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Conrad Murray's Mistakes, Part 6: Bad choices in Michael Jackson’s death led to rare homicide finding

Conrad Murray's Mistakes, Part 6: Bad choices in Michael Jackson’s death led to rare homicide finding

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The doctor did it. In the bedroom. With an anesthetic.

The Los Angeles County Coroner spent 51 pages of minute calculations and detailed examinations to come to that simple conclusion on Aug. 24, 2009. Jackson had died from a lethal dose of propofol and other drugs and the .

This was perhaps the most surprising thing about the Michael Jackson case, because coroners are so reluctant to say a physician killed someone.

Coroners review most unusual deaths in hospitals and others, like the Murray case, where foul play was suspected. They usually don't declare a death anything but accidental or natural.

Look at the case of Dr. Andrew Rutland. The same coroner's office investigated the death of a patient from an overdose of anesthesia administered by a doctor, but the bottom line was different: "The manner of death is an accident."

The Murray investigation also started with a premise of "accidental." On June 25, 2009, LAPD Detective W. Porche reported Jackson's death to the coroner's office as "accidental vs. natural death." But, after two months of investigating and consulting with experts, the coroner noted numerous reasons why Murray's behavior was reckless. As I have detailed in previous posts, there were at least four factors at play:

  1. Murray lacked the proper training in pain medicine. "The standard of care for administering propofol was not met," wrote Dr. Selma Calmes in the of the coroner's report. Calmes, unlike Murray, is a board certified anesthesiologist.
  2. He was using a drug meant for hospitals in an unsafe setting. The coroner cited this as one of four specific reasons for calling the death a homicide. "The propofol was administered in a non-hospital setting without any appropriate medical indication," he wrote.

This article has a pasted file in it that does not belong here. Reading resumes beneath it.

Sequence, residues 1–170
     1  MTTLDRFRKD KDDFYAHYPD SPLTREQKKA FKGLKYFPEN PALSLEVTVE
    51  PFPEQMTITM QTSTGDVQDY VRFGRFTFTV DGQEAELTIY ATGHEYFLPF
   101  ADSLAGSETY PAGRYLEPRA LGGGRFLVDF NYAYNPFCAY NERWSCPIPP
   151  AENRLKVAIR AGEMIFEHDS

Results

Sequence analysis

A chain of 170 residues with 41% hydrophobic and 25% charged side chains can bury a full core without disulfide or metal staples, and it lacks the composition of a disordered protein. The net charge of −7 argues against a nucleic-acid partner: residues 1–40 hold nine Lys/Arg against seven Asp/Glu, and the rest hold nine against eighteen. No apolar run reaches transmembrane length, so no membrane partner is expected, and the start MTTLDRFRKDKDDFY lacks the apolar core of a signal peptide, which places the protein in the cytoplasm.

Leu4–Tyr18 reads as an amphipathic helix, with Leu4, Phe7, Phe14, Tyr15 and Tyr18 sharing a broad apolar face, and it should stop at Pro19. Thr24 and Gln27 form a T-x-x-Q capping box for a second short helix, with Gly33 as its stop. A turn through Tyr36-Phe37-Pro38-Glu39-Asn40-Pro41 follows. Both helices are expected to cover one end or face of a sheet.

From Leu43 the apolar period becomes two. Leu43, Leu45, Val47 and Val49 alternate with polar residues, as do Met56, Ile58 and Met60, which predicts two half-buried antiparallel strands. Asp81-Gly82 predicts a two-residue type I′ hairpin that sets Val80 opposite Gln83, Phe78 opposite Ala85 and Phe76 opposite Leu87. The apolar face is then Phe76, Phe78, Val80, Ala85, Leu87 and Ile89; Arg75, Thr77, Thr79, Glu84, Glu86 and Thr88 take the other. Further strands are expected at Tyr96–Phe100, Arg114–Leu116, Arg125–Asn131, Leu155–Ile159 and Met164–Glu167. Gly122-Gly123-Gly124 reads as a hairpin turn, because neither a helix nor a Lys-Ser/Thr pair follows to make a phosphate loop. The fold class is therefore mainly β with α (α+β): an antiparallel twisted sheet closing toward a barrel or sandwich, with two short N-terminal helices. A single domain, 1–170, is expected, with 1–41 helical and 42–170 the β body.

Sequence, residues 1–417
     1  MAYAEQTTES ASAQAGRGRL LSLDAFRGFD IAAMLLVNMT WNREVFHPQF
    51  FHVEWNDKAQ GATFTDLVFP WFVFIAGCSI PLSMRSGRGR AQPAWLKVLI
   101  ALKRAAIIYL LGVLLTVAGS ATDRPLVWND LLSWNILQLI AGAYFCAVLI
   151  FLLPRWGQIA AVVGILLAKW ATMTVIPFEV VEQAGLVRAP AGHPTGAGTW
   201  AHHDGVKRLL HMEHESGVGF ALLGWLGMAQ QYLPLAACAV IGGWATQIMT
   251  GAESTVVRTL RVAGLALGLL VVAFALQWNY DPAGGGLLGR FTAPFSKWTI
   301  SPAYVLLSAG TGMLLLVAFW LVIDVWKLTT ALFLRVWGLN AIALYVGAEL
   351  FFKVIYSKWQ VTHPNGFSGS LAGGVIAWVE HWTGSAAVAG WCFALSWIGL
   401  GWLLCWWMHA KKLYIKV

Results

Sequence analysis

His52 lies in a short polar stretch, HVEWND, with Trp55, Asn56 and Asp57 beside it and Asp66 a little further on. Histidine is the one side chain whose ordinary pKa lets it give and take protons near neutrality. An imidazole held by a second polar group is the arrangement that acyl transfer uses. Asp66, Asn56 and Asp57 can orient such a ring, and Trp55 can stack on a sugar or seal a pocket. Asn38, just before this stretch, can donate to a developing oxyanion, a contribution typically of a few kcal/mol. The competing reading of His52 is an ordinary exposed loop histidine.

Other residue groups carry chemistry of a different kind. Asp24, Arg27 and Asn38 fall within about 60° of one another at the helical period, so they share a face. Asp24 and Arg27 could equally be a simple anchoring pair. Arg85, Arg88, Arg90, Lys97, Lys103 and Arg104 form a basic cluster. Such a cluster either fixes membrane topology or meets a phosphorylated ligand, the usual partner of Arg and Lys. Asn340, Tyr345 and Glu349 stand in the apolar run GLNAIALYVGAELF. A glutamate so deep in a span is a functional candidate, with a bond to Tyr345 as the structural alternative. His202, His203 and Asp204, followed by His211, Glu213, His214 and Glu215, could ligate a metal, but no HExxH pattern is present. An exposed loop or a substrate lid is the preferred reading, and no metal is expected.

3. Murray was unable to control the story.
  4. There was no peer review process to protect him.

Even when a medical case does go criminal, prosecutors have to prove intent. The coroner can call it a homicide, but the Los Angeles County District Attorney has to pick a charge: first-degree murder, second-degree murder, voluntary manslaughter or involuntary manslaughter. By calling the crime instead of murder, the district attorney picked the lightest of the possible felonies. It would be difficult to prove that Murray wanted to kill Jackson. The singer, after all, was his meal ticket in a very big way.

Also, Murray and his attorney will have facts to marshal of their own, including numerous reports of Jackson's extensive drug use. They also may try to use the coroner's report to their advantage.

The report makes mention that Jackson had lung problems, specifically that his lungs were not at full capacity. "It should be noted that the above lung injury with reserve loss is not considered to be a direct or contributing cause of death," wrote Dr. Russell Sherwin, a professor of pathology at the University of Southern California. "However, such an individual would be especially susceptible to adverse health effects."

Can't you hear the defense attorney?

"If only Dr. Murray had known about this severe and undiagnosed lung ailment and Jackson's secret painkiller addiction, he would have never attempted to treat Mr. Jackson's sleep disorder with the types of medications he was using. Unfortunately, good people of the jury, to all appearances, Mr. Jackson was healthier at 50 than many of us were in our 20s. The man thrilled millions with his moonwalk and gravity defying dance move. This was simply an unavoidable tragedy."

Related posts:

Conrad Murray's Mistakes 2: Lack of training fueled criminal case in Michael Jackson death

Conrad Murray's Mistakes 3: Using a hospital-only drug in Michael Jackson' bedroom

Conrad Murray's Mistakes, Part 4: When Michael Jackson collapsed, story spun out of doc's control

Conrad Murray's Mistakes, Part 5: Isolated from his peers, Michael Jackson's doctor had no cover

Wrong doctor or wrong patient? Michael Jackson's physician has some explaining to do

To see Michael Jackson doctor's alleged slipup, look at the label

Court records show Jackson's doctor acting more like a dealer

Doctors Behaving Badly: Michael Jackson's doctor can add "deadbeat dad" to his resume

Q&A with Dr. John Dombrowski: Michael Jackson's bungled pain management may have killed him

Q&A with Dr. John Dombrowski, Part 2: Anesthetizing Michael Jackson "indefensible"

Making Hepatitis History Part 1: Michael Jackson's deadly drug strikes again

Q&A with Dr. Doris K. Cope: Michael Jackson was just a symptom of a pain medicine problem

 

 

 

 

 

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